Dr. Maxime Billick: From my perspective, when you said that question, the first thing that came to mind was I would've spent a year or two traveling or backpacking before med school. Like it was like completely unrelated.
Radha Sharma: But that's totally fine!
Dr. Maxime Billick: I did, I did live abroad. That's what I would've done. I would've taken a little bit more time to, you know, maybe not be quite as serious right away. And again, to be fair, I wasn't serious right away, I did work in various fields and, and lived abroad, but the timing was right for me when I did it. But I was very lucky that I had the support from supervisors and from family and friends. I had the medical knowledge or acumen to even know, to start thinking about it because of my year as an obstetrics and gynecologist resident. And had the flexibility in my schedule that year to pursue it.
Radha Sharma: You guys have shared a lot of wisdom about your own journeys and I'm sure there's a lot of medical trainees, probably medical students and residents that you know, may access this website and are looking at you know, advice. So, do you have any advice for medical trainees, not necessarily about egg freezing - it could be - but just about really anything with family planning, medicine, any kind of final advice?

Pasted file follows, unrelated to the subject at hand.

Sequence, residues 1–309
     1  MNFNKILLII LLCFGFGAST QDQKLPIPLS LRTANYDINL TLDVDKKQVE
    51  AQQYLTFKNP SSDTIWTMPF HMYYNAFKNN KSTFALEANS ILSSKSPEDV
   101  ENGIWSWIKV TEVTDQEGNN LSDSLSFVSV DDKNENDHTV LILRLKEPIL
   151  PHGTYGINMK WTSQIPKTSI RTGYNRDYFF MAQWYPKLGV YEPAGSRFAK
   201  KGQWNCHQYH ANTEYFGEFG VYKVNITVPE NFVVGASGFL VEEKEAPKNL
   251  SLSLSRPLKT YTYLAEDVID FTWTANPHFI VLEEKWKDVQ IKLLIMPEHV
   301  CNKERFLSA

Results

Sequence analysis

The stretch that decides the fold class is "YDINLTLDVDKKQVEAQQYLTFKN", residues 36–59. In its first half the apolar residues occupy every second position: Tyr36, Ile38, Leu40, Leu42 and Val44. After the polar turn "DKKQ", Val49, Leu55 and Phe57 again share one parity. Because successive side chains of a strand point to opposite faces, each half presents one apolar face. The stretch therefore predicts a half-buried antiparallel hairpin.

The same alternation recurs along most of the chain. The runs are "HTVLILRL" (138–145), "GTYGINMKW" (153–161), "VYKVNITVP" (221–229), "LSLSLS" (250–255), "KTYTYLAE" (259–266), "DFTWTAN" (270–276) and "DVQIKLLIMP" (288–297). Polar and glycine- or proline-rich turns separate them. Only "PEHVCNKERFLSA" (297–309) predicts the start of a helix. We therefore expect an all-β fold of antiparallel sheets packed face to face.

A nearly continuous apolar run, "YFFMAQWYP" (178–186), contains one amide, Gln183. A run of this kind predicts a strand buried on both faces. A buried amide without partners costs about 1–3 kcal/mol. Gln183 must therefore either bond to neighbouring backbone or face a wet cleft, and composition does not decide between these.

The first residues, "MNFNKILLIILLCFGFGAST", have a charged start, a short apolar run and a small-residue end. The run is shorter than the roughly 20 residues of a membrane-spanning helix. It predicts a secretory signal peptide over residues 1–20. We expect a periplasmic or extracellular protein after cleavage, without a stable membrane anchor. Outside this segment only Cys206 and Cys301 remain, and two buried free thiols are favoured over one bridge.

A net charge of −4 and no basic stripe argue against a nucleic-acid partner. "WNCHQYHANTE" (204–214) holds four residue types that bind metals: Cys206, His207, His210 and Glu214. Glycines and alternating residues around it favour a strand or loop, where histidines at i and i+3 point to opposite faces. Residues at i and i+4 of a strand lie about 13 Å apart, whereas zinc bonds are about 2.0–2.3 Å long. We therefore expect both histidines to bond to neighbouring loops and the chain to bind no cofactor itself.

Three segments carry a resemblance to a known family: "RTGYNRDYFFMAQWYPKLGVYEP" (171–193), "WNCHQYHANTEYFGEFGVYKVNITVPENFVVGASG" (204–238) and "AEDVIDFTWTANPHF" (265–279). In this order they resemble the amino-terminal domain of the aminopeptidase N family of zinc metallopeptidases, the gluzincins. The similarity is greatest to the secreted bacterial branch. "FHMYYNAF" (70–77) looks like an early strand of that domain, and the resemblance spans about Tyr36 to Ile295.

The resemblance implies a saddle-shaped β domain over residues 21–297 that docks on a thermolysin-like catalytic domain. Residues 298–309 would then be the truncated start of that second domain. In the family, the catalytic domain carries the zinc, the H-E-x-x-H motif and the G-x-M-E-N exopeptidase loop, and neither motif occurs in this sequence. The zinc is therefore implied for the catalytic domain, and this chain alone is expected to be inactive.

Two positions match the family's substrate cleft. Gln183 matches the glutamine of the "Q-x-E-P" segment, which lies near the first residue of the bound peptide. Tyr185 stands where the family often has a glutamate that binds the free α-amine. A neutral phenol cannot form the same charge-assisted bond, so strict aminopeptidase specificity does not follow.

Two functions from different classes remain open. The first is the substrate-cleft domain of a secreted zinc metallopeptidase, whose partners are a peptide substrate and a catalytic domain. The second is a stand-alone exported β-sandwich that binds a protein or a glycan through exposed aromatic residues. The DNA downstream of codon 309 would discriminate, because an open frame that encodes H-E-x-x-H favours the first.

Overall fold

Dr. Maxime Billick: I think the first thing that I would say, which is a little bit unrelated, is make sure to maintain some of your interests outside of medicine. I think that those can be reinvigorating and sometimes when it feels like things are tough in the medical world or in your personal life with regards to fertility or other things, it's really important to have another outlet. And I think it's easy to let those things fall by the wayside in medical school, in residency, or even as a staff. I think the other thing is that it's really easy, like I said, to forget to have children or to forget to even think about it. So I think that as people start hitting around the age of 32 to 35, to think about if this might be something that is up their alley, something that's appealing, something that's feasible, something that they want to do. I have lots of wisdom I feel like I could share and impart, but I think part of it is about going through this journey on your own, like for yourself, not on your own, but certainly for yourself. Because freezing eggs for one person might not be the right answer for someone else, but I did find it a particularly empowering experience and kind of a freeing experience. Like I felt a significant decrease in my own anxiety after doing it. And I didn't realize how much of the pressure to meet someone was self-imposed and was dictated by my fertility. And not to say that completely went away afterwards, but it definitely decreased in its intensity.